• Kelly Holland Parris

    There is no place like Charleston, SC. I would never EVER live anywhere else. But…… like you said Brooke, “bless her heart” .

  • Jewel Aldea

    I know the feeling when I’ve walked around with my significant other (we are also interracial). I’m very sorry that people have been really snide to your face. So much for being the most polite city.

    Growing up I attended a certain prep school and played tennis, which is a very Charlestonian thing to do. So I thought it would be easier to fit in. But I found that the excluding of people starts very early and very subtly. Classic examples: some people in Charleston ask me where I’m from, and I say “Well, I was born here.” Then, “No, where are you really from?” like I don’t belong. I’m pretty sure they were trying to make small talk and aren’t actually that ignorant, but when it happens over and over again, it’s clear that you don’t belong. Fortunately these types of incidents involved older adults who are now aging into irrelevance as I write this.

    Good luck on your move. It is an amazing feeling to live somewhere where no one bats an eye or judges your relationship.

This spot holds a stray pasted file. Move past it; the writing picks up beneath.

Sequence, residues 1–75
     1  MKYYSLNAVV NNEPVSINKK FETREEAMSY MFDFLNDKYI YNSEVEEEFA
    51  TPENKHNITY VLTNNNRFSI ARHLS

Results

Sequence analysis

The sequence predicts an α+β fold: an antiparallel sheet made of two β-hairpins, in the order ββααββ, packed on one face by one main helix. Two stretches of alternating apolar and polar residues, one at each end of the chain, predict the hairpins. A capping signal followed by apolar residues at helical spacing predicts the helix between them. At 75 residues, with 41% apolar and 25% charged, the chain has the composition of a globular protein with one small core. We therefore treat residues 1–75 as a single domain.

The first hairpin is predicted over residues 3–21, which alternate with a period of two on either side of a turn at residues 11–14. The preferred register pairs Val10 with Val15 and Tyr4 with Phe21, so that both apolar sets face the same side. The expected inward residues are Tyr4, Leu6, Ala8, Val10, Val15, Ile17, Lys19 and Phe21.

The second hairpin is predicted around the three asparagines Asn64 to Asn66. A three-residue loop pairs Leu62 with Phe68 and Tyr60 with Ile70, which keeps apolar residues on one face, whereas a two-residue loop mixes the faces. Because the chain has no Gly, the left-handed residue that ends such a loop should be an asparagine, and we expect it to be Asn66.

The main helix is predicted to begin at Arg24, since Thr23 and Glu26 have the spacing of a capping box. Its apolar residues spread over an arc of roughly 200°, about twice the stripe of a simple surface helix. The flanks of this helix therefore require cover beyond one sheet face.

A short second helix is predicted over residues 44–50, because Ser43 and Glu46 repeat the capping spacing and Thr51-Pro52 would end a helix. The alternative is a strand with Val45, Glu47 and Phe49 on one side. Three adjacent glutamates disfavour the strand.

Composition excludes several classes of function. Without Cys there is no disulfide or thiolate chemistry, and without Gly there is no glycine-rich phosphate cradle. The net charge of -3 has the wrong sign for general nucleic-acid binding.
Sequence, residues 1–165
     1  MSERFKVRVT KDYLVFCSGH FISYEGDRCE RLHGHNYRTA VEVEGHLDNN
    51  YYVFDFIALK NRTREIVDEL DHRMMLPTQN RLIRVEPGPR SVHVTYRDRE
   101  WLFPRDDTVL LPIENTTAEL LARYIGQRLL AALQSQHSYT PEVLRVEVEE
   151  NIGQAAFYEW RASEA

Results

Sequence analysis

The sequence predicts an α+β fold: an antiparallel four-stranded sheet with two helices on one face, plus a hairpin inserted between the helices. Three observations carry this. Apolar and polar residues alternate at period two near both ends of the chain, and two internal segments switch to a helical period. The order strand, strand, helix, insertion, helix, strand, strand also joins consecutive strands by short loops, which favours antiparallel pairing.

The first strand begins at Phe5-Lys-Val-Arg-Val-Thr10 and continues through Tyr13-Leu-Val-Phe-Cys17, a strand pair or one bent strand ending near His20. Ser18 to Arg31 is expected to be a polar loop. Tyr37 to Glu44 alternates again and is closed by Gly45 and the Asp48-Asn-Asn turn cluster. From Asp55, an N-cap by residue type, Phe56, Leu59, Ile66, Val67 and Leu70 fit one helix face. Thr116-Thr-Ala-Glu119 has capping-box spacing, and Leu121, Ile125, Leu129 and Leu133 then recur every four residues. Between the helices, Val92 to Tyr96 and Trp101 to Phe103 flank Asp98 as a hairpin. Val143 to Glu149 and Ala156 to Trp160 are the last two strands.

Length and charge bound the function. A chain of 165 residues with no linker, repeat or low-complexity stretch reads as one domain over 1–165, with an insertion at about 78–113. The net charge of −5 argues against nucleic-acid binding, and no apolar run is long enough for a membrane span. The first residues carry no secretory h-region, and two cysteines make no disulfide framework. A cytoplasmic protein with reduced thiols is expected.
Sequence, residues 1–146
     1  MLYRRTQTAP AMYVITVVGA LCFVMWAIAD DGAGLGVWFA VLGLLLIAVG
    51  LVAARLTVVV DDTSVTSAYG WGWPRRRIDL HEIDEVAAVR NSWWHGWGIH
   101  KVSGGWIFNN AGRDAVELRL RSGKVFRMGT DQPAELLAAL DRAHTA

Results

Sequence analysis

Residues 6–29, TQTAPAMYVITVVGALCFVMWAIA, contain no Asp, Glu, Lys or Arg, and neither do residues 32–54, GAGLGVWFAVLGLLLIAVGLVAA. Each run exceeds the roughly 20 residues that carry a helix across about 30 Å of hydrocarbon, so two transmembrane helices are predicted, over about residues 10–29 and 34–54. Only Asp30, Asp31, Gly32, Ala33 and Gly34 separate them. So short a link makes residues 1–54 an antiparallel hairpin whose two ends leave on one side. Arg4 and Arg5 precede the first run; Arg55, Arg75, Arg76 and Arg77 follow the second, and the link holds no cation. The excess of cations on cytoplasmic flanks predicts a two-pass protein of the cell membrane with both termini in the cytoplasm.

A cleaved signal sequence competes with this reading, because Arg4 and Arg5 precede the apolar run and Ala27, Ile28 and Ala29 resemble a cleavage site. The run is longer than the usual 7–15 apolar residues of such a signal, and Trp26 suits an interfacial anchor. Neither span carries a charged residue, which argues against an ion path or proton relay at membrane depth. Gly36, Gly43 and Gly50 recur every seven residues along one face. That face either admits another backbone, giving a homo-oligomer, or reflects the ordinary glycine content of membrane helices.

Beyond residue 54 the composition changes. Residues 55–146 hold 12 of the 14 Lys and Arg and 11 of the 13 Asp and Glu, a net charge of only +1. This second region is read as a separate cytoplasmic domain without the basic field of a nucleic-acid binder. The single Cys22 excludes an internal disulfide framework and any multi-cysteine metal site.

• Great article and thanks for the shout-out to Straight Talk!

  • Angie D

    Great article Brooke!

  • C Magnan

    True – you shouldn’t call someone’s baby ugly and expect them to smile about it, but if you’re parading that baby around in top 10 lists and pageants, you need to be ready for a judge to say that it’s nothing special. It goes both ways.

  • Brooke Ryan

    Good point.

  • Brooke Ryan

    Thank you Angie!

  • Brooke Ryan


  • Brooke Ryan


  • Brooke Ryan

    That is just awful. I’m so sorry you and your husband are going through all of that. You are totally welcome in my eyes. I support your relationship 100%. As long as you guys are happy and in love that is all that matters.

  • Brooke Ryan

    I agree about the comparing apples to oranges. The reasons I love Charleston are very different than the reasons I love California. Once you live somewhere for long enough it can be stagnant, you just have to get out and try new things. Thank you for your comment!

  • Brooke Ryan


  • Brooke Ryan

    Thank you Sara!

  • Brooke Ryan

    Exactly….I miss Netflix binges.

  • Brooke Ryan

    Thank you Dianne